Celebrating Freedom this Passover

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Passover 2015

From the Desk of Stephen H. Hoffman

Passover and Easter are intimately intertwined in our history as the Last Supper was actually a Seder. This weekend our two great faiths, Judaism and Christianity, will celebrate these defining foundational moments in the same space and time. It has special meaning for me this year as I had the wonderful opportunity of being in Israel just two weeks ago with a Federation–Israel Bonds mission that included several Jews and a number of first time Christian visitors.

Seeing Israel through the eyes of first-timers is always fun. It's especially so when you're with Christians walking on the street level of the times of Jesus by the extended Western Wall, or standing by their holy sites along the Kinneret (Sea of Galilee). Without exception they embraced the vitality of modern Israel, grappled with its complex security challenges and enjoyed the reverence for this old-new land.

We were there during the recent Israeli elections and got to see Israeli democracy in full swing, and the aftermath as people absorbed the results. I was discussing this recently with one of my daughters, expressing concern over the way President Obama and Administration sources have been reacting to Prime Minister Netanyahu's recent actions and seemingly contradictory statements. We thought this would be a hot topic at many Seders. I observed that someone needed to be the adult in the room and get a proper grip on the American–Israeli relationship. She likened it to everyone sitting at the kids table of the Seder. I think she caught it perfectly.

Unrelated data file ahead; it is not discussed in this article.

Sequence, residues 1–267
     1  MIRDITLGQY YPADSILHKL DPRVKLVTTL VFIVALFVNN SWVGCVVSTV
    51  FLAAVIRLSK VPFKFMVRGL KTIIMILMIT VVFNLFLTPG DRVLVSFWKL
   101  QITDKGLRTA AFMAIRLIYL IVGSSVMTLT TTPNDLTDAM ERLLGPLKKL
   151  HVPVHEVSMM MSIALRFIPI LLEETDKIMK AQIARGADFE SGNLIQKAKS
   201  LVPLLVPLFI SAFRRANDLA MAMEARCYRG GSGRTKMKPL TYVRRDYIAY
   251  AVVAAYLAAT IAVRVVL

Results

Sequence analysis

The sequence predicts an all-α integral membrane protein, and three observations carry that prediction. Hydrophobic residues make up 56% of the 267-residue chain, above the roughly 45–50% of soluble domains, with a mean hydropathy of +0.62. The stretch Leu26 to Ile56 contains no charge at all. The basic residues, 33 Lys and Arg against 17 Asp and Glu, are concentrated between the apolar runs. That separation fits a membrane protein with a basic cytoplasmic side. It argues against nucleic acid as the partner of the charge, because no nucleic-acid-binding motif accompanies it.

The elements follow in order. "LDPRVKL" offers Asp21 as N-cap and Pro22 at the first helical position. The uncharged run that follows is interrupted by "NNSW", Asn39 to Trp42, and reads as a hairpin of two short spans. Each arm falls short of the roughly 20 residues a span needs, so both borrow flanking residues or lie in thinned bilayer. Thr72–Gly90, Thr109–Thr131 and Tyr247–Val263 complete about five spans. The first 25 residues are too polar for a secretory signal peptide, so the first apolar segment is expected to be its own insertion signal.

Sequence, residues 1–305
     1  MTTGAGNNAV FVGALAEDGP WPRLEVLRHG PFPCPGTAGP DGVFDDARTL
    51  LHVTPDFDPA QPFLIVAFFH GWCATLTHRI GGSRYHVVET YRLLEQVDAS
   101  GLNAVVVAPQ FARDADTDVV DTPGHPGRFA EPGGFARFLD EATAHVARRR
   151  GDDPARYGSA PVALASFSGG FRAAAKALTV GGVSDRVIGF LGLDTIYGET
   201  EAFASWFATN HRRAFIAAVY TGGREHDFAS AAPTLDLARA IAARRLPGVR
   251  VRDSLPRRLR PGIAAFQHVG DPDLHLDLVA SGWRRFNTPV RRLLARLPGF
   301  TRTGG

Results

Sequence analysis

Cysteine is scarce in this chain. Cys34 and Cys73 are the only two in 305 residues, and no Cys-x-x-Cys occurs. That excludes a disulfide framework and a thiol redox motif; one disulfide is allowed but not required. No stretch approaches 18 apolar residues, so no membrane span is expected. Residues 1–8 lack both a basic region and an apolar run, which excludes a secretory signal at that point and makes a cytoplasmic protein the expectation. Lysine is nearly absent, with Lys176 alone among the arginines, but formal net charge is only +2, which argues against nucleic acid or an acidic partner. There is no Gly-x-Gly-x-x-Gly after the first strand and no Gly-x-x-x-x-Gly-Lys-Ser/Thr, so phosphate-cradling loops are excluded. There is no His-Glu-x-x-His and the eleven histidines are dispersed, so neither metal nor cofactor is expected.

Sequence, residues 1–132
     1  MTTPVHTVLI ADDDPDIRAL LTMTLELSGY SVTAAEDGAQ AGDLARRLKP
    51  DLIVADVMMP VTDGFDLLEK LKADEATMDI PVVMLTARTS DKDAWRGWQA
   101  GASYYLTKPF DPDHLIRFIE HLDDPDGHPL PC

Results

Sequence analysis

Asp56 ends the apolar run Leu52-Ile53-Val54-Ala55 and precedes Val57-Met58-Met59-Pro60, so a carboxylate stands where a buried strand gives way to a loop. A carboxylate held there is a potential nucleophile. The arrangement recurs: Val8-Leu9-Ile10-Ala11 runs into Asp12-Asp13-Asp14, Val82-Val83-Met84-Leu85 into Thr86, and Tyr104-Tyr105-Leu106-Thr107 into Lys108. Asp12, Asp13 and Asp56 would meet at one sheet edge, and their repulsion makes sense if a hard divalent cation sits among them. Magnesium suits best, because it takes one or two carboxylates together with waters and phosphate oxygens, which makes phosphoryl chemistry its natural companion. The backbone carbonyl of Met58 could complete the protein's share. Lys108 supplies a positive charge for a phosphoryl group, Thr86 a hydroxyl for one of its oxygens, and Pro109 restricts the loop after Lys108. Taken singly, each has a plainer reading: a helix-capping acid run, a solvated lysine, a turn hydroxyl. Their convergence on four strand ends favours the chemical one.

No doubt troubling things were said in the Israeli election campaign – people do get carried away; people who should know better.

But the telling of our national liberation story, the Exodus from Egypt, with its emphasis on 1) remembering that we were slaves and act as if we were there and liberated and 2) celebrating our freedom – should help us focus on what really matters.

The vast majority of the world's Jews today live in two great free democracies. This freedom is precious. We were slaves; we appreciate it even more! We need to resist, counter and ameliorate racism whether we see it in America or in Israel. We need to value the civil rights of all our citizens even as we have the freedom to worship as we believe our faith guides us. Freedom of thought, freedom of religious beliefs should not lead us to incite fear of fellow citizens, nor to the suppression of their constitutional rights.

Passover is a time to tell our story and redirect ourselves to the preservation of freedom for all and the mutual acceptance of each other's differences. May you and your families enjoy a meaningful Seder and Passover holiday – and maybe have some adults spend some time at the kids table!

Chag Sameach,

Stephen H. Hoffman

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